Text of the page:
A unique anthology of writings from English literature about the Book of Common Prayer, interspersed with essays on the history and culture of the Prayer Book.
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Available as: Hardback
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Specifications: 234x150mm (9.21x5.91in), 196pp
Published: July 1993
Controversy continues between the supporters of the Book of the Common Prayer and its rival, the Alternative Service Book. People have been known to drive miles to find a service that still uses the former.
In this book, Norman Taylor has produced an anthology of passages from English literature that include a reference to the Book of Common Prayer. The Prayer Book has always had an enduring significance for authors from all over the English-speaking world, as much for the beauty of its language, as for its importance to their spiritual life.
Combining humour and a passion for his subject, Norman Taylor has selected passages from the novels, autobiographies, poems and letters of authors as diverse as James Boswell, G.K. Chesterton, Margaret Mitchell, Alan Paton, Thomas Hardy and Stevie Smith. Lovers of anthologies will find much material for further reading and will also have their appetites whetted by extracts from lesser known authors such as Charles Williams and Priscilla Napier.
Arranged in chapters according to the order of services, the author takes us through the Prayer Book from Matins to Forms of Prayer to be used at Sea. The whole is punctuated by three essay interludes discussing the history of the Prayer Book itself, the place of music in Anglican worship and the shape of Morning and Evening Prayer. The epilogue concludes with a discussion of the challenges by the increasing preferences of many clergymen for the Alternative Service Book.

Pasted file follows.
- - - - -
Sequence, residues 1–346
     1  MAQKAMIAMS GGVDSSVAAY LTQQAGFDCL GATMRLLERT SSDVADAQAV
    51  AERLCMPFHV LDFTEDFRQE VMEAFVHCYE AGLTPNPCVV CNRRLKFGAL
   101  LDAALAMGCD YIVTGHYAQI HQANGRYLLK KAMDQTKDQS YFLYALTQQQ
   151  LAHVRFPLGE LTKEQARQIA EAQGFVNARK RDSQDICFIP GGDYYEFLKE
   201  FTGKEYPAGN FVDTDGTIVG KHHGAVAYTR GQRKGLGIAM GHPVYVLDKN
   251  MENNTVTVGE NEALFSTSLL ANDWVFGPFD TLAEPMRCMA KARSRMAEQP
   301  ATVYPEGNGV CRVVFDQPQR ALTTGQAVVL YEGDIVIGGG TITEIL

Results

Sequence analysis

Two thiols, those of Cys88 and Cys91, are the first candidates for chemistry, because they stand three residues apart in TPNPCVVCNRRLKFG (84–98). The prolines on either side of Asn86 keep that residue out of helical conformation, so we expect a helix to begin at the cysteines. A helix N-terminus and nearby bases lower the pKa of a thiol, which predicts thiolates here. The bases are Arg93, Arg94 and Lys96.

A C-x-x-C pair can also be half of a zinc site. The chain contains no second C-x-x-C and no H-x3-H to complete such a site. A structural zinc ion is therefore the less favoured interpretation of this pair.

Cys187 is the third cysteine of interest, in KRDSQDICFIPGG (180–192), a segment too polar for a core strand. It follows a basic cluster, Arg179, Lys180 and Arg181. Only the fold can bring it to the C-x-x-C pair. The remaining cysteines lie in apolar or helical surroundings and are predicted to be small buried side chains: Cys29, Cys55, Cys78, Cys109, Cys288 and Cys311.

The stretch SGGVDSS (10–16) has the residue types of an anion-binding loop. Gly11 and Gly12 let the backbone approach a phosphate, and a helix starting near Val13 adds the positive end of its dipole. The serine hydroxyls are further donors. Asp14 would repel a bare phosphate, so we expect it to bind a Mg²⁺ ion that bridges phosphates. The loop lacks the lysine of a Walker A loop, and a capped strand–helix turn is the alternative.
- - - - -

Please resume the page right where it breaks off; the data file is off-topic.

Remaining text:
List of Illustrations
1. Morning Prayer
2. Evening Prayer
3. Interlude: Parallel Patterns
4. The Creed of St Athanasius – Quicunque Vult
5. The Litany
6. Prayers and Thanksgiving
7. The Collects, Epistles and Gospels
8. Holy Communion
9. Interlude: 1662 and all that
10. The Ministration of Public Baptism to Infants
11. A Catechism
12. The Order of Confirmation
13. Interlude: Found in Possession
14. The Form of Solemnization of Matrimony
15. The Order for Visitation of the Sick
16. The Order for the Burial of the Dead
17. Thanksgiving of Women after Child Birth
18. A Commination
19. The Psalter – The Psalms of David
20. Interlude: 'Psalms and Hymns and Spiritual Songs'
21. Forms of Prayer to be used at Sea
22. Finale: Excellent References
Index of Authors
Norman Taylor was born in 1926, and educated at Bolton School. From 1944 to 1946 he served as an officer in the R.N.V.R. A scholar of Corpus Christi College, Cambridge, he read history before going to Cuddesdon College, Oxford to prepare for ordination. He served his title at the parish church of Clitheroe in Blackburn diocese. For fifteen years he was Rector of Little Wilbraham in Ely diocese, before becoming Chaplain of St. Faith's School, Cambridge, and finally, honorary assistant priest of Chesterton Parish Church. He now lives in retirement in Lyme Regis, and serves on the Salisbury branch committee of the Prayer Book Society.
All good anthologies – and this is a very good one – stimulate the reader ... wide reading in the obscure and at first sight ephemeral ... yields some ... most memorable passages ... The author has made excellent use of fiction as well as memoirs to record the impact of the Prayer Book and the reactions of the congregation ... Richard Olland, in The Tablet
The appeal of this imaginative book ... will be by no means exclusively to Anglicans: it is not 'churchy', but wide in its trawl, literateurs vastly outnumbering divines. Lovers of English and all who try to worship in whatever tradition will appreciate the humour and humanity of the well chosen extracts ... delightful and timely ... beautifully produced. The Expository Times
A supreme masterpiece of English prose. The Tablet
This delightful book has only one demerit, that of being too short. P.D. James, in The Daily Telegraph
Here is evidence of how those beautiful cadences seduced whole generations into belief. The Independent
An eloquent champion for the Book of Common Prayer. Parish News